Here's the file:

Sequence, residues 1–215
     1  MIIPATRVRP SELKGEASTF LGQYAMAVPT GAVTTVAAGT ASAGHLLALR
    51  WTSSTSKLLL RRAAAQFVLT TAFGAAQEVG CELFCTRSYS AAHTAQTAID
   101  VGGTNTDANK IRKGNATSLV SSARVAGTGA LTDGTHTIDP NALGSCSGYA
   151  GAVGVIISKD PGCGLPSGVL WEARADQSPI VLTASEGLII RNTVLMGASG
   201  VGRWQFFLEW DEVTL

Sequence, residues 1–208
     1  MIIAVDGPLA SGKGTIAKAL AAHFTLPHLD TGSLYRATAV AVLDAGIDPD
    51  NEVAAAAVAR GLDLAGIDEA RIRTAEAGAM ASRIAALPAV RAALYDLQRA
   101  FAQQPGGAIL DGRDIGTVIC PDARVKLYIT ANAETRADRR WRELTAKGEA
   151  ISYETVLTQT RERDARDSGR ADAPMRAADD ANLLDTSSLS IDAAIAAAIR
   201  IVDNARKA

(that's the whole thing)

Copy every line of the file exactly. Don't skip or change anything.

Sequence, residues 1–215
     1  MIIPATRVRP SELKGEASTF LGQYAMAVPT GAVTTVAAGT ASAGHLLALR
    51  WTSSTSKLLL RRAAAQFVLT TAFGAAQEVG CELFCTRSYS AAHTAQTAID
   101  VGGTNTDANK IRKGNATSLV SSARVAGTGA LTDGTHTIDP NALGSCSGYA
   151  GAVGVIISKD PGCGLPSGVL WEARADQSPI VLTASEGLII RNTVLMGASG
   201  VGRWQFFLEW DEVTL

Sequence, residues 1–208
     1  MIIAVDGPLA SGKGTIAKAL AAHFTLPHLD TGSLYRATAV AVLDAGIDPD
    51  NEVAAAAVAR GLDLAGIDEA RIRTAEAGAM ASRIAALPAV RAALYDLQRA
   101  FAQQPGGAIL DGRDIGTVIC PDARVKLYIT ANAETRADRR WRELTAKGEA
   151  ISYETVLTQT RERDARDSGR ADAPMRAADD ANLLDTSSLS IDAAIAAAIR
   201  IVDNARKA